I stood with friends that evening. Everybody there was part of the same family. Anne messaged me worrying about my safety and did I have an escape route planned in case there was trouble. I replied, “I am with my rainbow cops Sunshine (Danielle and Henry), I am with our family members in great numbers. There is no safer place to be at this moment.” Promised to keep checking in hourly.

You notice how things have changed and how a crisis brings family together even closer than before. Noticed the changes in politics when Mayor John Tory arrived and was slowly making his way through the family assembled. Gotta love it when the mayor gives you a hug and a kind word. Everybody was there, because literally seconds after, Premier Kathleen Wynne and her partner Jane were making their way through, speaking quietly with people. The silence and the candlelight was a moment always to be remembered. Anne and I had a long conversation when I got back home that night (after she had a huge sigh of relief that I was home and safe).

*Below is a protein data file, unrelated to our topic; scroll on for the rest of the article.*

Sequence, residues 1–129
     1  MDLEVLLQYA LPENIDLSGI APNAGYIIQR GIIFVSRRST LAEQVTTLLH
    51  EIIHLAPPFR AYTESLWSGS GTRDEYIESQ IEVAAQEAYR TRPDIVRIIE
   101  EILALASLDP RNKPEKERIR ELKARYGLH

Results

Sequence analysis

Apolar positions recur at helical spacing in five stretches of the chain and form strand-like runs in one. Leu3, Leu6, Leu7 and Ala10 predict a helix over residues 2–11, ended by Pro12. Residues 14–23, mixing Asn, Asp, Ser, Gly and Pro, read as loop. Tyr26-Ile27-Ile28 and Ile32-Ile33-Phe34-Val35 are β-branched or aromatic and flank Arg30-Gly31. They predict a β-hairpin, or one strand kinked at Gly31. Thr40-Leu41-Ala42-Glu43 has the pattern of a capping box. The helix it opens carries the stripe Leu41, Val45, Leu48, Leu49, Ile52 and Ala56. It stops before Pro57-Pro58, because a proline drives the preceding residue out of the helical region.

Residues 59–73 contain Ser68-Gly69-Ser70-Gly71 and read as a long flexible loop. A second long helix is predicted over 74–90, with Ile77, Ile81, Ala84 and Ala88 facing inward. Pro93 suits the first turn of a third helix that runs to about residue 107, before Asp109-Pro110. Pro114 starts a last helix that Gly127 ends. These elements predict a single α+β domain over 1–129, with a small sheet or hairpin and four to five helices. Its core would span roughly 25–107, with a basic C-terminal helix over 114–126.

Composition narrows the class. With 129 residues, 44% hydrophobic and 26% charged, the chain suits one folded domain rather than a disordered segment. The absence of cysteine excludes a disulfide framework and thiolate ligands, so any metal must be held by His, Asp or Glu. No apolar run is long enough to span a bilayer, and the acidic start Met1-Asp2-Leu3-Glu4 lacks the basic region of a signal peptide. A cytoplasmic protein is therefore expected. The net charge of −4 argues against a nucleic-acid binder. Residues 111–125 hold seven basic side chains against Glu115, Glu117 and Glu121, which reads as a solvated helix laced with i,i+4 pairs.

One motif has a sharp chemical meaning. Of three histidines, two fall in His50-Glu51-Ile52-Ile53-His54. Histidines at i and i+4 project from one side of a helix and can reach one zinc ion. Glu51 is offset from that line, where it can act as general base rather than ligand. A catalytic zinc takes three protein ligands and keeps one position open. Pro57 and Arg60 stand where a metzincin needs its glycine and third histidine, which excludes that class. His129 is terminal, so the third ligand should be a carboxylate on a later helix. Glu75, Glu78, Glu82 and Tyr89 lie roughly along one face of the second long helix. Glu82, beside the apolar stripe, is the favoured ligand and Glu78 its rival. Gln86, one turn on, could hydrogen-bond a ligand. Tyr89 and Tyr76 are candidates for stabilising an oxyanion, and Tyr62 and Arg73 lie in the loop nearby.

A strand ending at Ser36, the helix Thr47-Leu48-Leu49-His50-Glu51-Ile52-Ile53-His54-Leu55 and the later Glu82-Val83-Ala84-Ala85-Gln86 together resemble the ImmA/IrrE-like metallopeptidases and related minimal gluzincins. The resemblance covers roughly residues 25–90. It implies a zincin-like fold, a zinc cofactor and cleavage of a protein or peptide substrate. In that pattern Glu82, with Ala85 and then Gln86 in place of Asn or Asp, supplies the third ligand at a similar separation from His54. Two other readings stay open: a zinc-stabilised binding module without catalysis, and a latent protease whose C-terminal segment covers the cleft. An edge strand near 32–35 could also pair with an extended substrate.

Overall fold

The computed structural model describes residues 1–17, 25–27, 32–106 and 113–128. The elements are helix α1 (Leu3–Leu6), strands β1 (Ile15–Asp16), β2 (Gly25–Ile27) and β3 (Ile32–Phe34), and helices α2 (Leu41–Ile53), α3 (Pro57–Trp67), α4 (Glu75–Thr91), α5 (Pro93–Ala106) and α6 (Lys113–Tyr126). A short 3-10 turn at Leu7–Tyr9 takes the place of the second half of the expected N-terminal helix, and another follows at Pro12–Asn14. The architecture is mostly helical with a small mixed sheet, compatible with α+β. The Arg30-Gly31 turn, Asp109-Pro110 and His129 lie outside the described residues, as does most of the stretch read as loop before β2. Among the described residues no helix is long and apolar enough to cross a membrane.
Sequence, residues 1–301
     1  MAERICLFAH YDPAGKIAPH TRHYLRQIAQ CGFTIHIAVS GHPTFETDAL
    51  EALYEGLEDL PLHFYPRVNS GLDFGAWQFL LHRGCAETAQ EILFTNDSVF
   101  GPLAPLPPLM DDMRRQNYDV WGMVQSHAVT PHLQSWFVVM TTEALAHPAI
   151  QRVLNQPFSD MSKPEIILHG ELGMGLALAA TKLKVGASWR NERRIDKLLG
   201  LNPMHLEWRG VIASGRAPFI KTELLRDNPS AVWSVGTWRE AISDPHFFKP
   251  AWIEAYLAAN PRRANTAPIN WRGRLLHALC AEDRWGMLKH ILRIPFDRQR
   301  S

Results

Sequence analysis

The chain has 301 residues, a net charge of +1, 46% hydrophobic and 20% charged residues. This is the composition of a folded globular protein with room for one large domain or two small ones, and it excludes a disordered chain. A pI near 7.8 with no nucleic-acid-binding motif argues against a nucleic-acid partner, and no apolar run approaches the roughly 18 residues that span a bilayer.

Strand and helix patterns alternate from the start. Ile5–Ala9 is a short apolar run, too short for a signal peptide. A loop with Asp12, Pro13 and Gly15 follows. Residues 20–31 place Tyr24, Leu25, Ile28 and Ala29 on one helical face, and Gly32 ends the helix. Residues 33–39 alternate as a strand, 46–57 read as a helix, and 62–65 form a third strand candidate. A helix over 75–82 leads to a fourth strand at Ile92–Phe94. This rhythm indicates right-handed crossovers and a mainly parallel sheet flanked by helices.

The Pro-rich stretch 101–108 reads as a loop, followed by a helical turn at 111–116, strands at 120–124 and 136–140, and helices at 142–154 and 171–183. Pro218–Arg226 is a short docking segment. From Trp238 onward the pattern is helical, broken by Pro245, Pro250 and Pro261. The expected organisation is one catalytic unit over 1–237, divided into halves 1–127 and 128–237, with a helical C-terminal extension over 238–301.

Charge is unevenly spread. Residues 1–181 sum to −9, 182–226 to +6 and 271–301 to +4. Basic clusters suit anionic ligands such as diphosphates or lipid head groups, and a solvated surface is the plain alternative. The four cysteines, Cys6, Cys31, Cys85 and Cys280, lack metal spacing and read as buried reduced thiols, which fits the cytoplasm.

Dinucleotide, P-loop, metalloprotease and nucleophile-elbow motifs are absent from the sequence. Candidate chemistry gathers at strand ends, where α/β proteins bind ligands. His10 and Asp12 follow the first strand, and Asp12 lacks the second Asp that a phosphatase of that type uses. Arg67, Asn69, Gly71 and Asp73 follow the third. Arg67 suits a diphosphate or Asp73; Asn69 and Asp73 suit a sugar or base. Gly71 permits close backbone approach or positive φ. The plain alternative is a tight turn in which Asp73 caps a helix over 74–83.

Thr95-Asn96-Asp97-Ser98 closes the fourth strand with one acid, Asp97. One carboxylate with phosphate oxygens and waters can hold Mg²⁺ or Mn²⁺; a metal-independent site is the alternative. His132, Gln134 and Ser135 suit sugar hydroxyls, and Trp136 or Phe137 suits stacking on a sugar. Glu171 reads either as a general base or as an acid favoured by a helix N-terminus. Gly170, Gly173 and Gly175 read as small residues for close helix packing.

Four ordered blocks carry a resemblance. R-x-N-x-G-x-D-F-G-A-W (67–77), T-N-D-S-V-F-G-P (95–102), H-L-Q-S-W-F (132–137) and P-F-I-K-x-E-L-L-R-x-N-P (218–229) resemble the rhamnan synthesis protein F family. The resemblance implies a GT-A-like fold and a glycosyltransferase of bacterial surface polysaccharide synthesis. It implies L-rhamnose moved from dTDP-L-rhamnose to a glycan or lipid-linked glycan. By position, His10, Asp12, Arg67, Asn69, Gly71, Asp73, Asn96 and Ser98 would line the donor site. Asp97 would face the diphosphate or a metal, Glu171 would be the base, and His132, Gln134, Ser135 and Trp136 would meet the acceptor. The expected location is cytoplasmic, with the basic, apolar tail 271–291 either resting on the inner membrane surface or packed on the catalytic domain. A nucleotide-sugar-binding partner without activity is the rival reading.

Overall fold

Then it’s time to make the world work again come the next morning.

As expected, take the planned schedule for the week and set light to it. There’s only one thing to do, just dance with it and what will get done will get done.

Can you do an interview for CBC’s The National?  (You can click the link to watch the video on YouTube.) Sure, maybe I can handle three or four other things while I’m in that area too. It’s all part of the dance.

In the Village meet family… Share hugs, hold back tears, a look speaks volumes… Same question each time, heavily laden with significance, “are you okay?” You squeeze hands a little tighter.